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2023 Gold Coast Marathon elite field reveal

Four runners with personal bests in the low 2:07s, the defending champion and the charismatic Japanese 2013 winner setting himself for a 10th anniversary crack at the title will lead out a stellar men’s field in this year’s Gold Coast Marathon on Sunday 2 July. And an intriguing entrant sits atop the standings in the 43rd edition of the women’s event and the CPL Wheelchair Marathon welcomes a pair of Japanese elite athletes making their Gold Coast debuts.

The men’s marathon

Leading out an international-heavy top 10 elite field will be Eritrean Mogos Shumay (26) who has a wealth of international race experience in the 10,000m, half marathon and marathon and who brings the fastest personal best of the field, 2:07:10, into his debut Gold Coast race.

And Shumay knows what a full distance victory tastes like after his win in the 2018 Padova Marathon in Italy, and plenty of consistent marathon and half marathon results since.

But standing in his way will be several runners who know the Gold Coast course well, none-the-least last year’s famously blue haired winner, Japan’s Jo Fukuda, who ran away to an emphatic victory.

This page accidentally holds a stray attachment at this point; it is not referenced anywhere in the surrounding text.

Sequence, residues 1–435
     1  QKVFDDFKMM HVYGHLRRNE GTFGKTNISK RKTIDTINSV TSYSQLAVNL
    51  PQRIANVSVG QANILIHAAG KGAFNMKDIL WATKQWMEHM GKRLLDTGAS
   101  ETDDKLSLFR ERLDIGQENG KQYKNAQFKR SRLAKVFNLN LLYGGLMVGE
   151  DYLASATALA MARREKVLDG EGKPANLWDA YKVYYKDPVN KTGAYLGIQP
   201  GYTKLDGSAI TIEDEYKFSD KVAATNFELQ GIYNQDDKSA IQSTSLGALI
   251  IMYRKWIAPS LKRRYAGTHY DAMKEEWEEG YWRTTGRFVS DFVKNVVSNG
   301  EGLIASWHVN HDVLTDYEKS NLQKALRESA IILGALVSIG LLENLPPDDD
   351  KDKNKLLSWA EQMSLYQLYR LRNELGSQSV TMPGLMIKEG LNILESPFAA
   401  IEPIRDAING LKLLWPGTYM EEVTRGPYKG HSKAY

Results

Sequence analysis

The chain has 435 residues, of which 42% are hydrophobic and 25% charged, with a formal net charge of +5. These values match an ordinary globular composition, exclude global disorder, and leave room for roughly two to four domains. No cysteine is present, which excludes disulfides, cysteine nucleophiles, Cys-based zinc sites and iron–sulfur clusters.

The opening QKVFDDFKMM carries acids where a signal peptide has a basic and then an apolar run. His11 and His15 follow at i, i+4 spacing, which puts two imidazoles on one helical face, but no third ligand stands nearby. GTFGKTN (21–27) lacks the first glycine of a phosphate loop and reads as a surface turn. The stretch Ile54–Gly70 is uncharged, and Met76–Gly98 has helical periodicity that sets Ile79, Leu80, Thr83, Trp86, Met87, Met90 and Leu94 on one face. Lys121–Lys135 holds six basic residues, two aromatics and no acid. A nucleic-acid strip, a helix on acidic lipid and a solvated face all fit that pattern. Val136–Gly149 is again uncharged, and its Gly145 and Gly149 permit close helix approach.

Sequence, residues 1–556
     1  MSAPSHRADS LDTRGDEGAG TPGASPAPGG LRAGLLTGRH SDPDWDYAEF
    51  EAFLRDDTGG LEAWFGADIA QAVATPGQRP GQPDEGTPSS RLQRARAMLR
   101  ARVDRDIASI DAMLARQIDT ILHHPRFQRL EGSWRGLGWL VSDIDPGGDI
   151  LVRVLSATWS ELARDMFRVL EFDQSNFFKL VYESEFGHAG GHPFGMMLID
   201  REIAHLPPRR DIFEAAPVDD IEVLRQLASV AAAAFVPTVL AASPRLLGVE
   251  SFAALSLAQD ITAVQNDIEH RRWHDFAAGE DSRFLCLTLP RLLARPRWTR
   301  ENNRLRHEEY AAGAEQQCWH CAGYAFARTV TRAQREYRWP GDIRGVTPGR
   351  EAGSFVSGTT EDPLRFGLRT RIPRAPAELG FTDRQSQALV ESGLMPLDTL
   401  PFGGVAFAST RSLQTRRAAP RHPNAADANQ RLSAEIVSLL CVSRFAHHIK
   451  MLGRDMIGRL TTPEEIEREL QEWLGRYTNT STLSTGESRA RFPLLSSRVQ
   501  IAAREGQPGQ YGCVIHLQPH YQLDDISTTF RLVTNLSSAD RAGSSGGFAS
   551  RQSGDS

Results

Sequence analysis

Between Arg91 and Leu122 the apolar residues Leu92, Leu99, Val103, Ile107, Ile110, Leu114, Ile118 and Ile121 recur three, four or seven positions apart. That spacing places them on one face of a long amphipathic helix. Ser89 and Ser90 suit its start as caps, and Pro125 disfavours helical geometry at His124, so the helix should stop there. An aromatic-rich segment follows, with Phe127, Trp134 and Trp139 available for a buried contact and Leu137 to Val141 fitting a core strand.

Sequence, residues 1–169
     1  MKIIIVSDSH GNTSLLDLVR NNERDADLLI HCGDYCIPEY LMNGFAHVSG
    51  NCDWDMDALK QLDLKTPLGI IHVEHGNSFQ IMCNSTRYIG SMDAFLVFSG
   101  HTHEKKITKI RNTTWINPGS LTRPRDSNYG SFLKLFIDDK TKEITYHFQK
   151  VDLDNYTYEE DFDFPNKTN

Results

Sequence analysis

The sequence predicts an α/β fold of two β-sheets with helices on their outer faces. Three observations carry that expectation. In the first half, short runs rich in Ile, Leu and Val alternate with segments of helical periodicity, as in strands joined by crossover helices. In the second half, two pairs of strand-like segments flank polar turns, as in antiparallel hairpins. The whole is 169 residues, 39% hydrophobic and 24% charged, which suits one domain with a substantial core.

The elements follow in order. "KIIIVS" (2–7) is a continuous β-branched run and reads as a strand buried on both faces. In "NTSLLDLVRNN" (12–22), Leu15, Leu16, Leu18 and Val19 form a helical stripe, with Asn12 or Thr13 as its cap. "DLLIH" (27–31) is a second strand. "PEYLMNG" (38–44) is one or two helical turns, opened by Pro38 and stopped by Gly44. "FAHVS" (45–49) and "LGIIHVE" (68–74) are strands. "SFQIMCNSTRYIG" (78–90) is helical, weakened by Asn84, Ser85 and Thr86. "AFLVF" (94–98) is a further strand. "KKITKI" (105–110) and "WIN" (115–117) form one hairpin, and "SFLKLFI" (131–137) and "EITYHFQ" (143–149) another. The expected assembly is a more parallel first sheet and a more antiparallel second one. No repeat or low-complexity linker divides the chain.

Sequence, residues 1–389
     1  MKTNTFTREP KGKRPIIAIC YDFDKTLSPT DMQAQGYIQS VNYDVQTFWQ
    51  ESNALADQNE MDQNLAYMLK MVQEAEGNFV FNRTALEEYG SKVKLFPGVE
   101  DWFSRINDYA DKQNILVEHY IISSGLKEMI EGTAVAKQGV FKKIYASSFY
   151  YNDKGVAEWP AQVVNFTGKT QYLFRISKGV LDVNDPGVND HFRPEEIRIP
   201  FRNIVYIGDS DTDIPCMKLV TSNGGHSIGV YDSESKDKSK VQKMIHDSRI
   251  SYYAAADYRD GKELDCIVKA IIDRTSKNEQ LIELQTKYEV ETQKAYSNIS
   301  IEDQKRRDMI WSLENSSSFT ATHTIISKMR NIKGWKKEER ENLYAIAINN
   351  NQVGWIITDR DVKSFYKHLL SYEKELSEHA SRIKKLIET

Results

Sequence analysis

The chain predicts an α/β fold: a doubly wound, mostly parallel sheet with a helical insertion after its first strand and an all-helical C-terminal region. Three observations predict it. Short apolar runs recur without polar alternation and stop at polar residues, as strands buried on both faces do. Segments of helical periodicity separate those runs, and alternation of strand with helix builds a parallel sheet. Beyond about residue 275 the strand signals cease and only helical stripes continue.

It was the second Gold Coast podium for Fuduka after his third place in 2018 where he ran his personal best 2:09:52, and he’ll be keen to take in the view from the top again while compatriot and second placegetter from last year Akihiro Kaneko is also returning and will be keen to turn the tables.

Another Japanese runner who needs little introduction is 2013 Gold Coast Marathon winner Yuki Kawauchi (36) who will line up on the front row on the Gold Coast for the 10th time.

Joining the Gold Coast Marathon Legends Club is a remarkable achievement for one of the great personalities of this event and the man whose worldwide marathon achievements have delivered him plenty of accolades and a well-worn passport.

After struggling through last year’s Gold Coast event – remarkably making it to the finish after suffering a lower leg injury just after the 5km point of the race – Kawauchi bounced back to notch a stunning 2:07:35 in this year’s Osaka Marathon.

He’ll have plenty of Japanese company on the start line with 26-year-old Koki Yoshioka (PB: 2:07:28), Naoki Koyama (2:08:12), 2019 ASICS Half Marathon second placegetter Yuki Sato (2:08:17) and the third Yuki of the top 10, Yuki Takamiya (2:09:30).